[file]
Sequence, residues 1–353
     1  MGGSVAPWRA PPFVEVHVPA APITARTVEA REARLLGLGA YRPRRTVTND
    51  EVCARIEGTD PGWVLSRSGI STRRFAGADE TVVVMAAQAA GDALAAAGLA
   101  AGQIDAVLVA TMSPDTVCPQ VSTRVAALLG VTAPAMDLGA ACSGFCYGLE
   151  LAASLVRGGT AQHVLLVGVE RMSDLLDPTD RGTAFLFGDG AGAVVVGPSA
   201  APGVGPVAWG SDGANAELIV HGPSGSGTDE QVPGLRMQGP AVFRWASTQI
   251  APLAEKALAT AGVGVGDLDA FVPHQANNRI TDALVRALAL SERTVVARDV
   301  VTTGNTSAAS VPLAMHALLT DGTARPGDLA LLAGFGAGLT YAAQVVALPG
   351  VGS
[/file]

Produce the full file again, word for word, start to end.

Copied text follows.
Sequence, residues 1–353
     1  MGGSVAPWRA PPFVEVHVPA APITARTVEA REARLLGLGA YRPRRTVTND
    51  EVCARIEGTD PGWVLSRSGI STRRFAGADE TVVVMAAQAA GDALAAAGLA
   101  AGQIDAVLVA TMSPDTVCPQ VSTRVAALLG VTAPAMDLGA ACSGFCYGLE
   151  LAASLVRGGT AQHVLLVGVE RMSDLLDPTD RGTAFLFGDG AGAVVVGPSA
   201  APGVGPVAWG SDGANAELIV HGPSGSGTDE QVPGLRMQGP AVFRWASTQI
   251  APLAEKALAT AGVGVGDLDA FVPHQANNRI TDALVRALAL SERTVVARDV
   301  VTTGNTSAAS VPLAMHALLT DGTARPGDLA LLAGFGAGLT YAAQVVALPG
   351  VGS